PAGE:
Relevance up to 09:00 2022-01-27 UTC+00
The Omicron outbreak has had a modest effect on economic activity in the UK, while inflationary pressures increase. Bets on policy tightening at the February 3 meeting are growing, with financial markets pricing in a rate hike to 0.5% from 0.25%. This week, futures for such a hike estimate an 87% probability of such an increase.
This is likely to support demand for GBP in the long term. In the short term, the pound sterling looks less attractive. It is under bearish pressure this week, as market players are increasing purchases of USD while waiting for the Fed meeting, from which they expect a stronger hawkish sentiment.
Scotiabank notes that a breakthrough of 1.3400 may strengthen the bearish sentiment and send the GBP/USD pair to the area of 1.3200. Resistance is located at 1.3495, 1.3536, and 1.3550.
Bearish momentum has strengthened significantly, according to the UOB Group. The pound risks continuing to decline. However, given the oversold condition, which is clearly visible in the short-term time frames, the rate of decline may slow down, and the next support at 1.3400 is unlikely to be reached soon.
The GBP/USD is not yet able to stabilize. Once the price breaks through 1.3535, it will be possible to say that the current weakening has stabilized and no further collapse may follow.
The pound trend largely depends on which of the regulators (the Fed or the Bank of England) will show the most hawkish sentiment.
Inflation spikes in advanced economies are driven by higher energy prices and supply chain disruptions. The UK regulator responded faster than other major central banks to ensure that costly energy and a tight labor market did not lead to increased price pressures.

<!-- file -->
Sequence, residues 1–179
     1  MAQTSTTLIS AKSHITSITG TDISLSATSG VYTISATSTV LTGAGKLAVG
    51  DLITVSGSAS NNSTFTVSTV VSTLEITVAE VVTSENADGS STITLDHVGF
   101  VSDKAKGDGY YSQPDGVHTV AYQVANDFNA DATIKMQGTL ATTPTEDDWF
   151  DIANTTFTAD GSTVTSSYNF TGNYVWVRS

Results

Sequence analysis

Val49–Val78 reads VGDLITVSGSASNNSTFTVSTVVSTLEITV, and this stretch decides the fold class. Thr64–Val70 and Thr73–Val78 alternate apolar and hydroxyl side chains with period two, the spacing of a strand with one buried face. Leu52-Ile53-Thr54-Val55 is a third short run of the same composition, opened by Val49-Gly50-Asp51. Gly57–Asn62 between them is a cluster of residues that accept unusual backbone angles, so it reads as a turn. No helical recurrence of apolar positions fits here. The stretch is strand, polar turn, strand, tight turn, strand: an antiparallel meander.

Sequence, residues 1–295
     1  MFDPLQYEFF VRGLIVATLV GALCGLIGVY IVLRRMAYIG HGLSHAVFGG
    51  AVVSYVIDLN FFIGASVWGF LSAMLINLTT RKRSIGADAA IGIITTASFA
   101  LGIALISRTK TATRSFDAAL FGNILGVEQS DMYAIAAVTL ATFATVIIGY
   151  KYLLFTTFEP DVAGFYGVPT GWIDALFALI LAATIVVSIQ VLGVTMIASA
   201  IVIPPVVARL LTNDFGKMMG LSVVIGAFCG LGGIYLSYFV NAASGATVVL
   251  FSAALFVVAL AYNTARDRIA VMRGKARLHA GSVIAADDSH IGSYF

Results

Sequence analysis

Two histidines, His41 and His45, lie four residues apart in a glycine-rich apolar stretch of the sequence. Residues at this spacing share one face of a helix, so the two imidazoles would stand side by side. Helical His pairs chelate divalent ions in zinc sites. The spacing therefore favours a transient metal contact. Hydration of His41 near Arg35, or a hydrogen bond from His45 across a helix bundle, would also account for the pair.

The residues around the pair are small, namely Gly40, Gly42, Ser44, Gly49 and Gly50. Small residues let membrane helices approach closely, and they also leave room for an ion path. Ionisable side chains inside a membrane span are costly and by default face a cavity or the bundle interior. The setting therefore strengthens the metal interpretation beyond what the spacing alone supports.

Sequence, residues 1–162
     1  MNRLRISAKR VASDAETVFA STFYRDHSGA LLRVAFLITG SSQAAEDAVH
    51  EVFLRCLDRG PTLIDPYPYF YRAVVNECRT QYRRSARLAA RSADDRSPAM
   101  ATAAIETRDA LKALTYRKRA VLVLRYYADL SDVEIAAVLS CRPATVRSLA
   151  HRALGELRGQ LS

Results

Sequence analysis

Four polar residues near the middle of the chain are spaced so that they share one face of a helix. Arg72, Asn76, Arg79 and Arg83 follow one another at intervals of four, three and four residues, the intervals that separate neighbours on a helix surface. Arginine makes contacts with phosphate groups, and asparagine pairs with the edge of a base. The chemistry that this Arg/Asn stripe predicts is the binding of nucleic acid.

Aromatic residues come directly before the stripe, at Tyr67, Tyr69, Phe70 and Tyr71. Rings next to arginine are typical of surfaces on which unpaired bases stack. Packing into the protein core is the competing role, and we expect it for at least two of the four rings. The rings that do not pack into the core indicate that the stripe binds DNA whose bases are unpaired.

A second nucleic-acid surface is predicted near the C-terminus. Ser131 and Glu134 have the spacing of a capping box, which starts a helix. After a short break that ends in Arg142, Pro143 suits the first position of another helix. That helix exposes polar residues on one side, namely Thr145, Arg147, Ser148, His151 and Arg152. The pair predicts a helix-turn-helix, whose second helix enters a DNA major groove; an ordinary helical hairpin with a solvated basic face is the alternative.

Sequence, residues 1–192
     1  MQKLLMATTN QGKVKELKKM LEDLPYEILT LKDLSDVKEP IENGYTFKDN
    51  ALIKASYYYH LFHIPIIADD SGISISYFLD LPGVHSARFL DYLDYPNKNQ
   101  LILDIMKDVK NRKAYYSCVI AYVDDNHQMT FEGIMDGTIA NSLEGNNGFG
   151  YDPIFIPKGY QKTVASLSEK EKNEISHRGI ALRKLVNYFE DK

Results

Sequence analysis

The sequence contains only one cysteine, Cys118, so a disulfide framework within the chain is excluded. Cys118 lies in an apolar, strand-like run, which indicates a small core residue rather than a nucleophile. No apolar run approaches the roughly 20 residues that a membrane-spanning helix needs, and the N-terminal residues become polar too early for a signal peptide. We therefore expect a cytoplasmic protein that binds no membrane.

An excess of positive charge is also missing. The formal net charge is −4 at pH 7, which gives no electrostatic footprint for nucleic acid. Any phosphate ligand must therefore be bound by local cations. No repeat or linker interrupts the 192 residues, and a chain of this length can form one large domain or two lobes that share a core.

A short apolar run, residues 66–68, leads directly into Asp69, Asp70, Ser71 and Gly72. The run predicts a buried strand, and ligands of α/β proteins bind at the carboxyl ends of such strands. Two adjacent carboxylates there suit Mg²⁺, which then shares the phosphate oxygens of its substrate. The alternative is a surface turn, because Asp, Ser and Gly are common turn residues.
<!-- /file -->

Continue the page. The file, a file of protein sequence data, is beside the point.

However, economists pinpoint that the BoE “needs to do something in the short term to reinforce their credibility, anchor inflation expectations, and perhaps support sterling.”
Bank of England Governor Andrew Bailey noted last week that inflation risked being more persistent than anticipated a couple of months ago. The regulator should have taken measures sooner. Tensions between Russia and Ukraine have added to all the other inflationary woes. Futures markets showed natural gas prices staying higher for longer.
He added that firms were considering raising prices and wages this year in a way that would cause inflation to be too slow to fall back to its 2% target.
Bank of England forecasts
The Bank of England will publish new estimates of economic growth and inflation on February 3, replacing the November forecasts.
The Omicron wave caused less damage to the economy compared to previous strains. The financial damage, according to economists, was mostly limited to sectors such as the hospitality industry. It reduced output by about 0.5% in December and January. The GDP returned to its pre-pandemic level for the first time in November. The labor market performed better than expected.
The situation in the labor market is ambiguous. The unemployment index is close to pre-pandemic levels, although the number of people employed has fallen by about 600,000. The decline occurred due to the fact that older UK citizens have dropped out of the workforce. This is causing some concern at the Central Bank because of possible pressures on the labor market.
Investors are also interested in how much the Bank of England is ready to raise the rates. At the meeting, they will be waiting for signals on this matter. In November, the regulator diminished expectations and called it unlikely that the rate would reach 1% this year. However, everything is different now. The Central Bank went on the path of tightening, the markets expect rates to be 1.25% by the end of the year.
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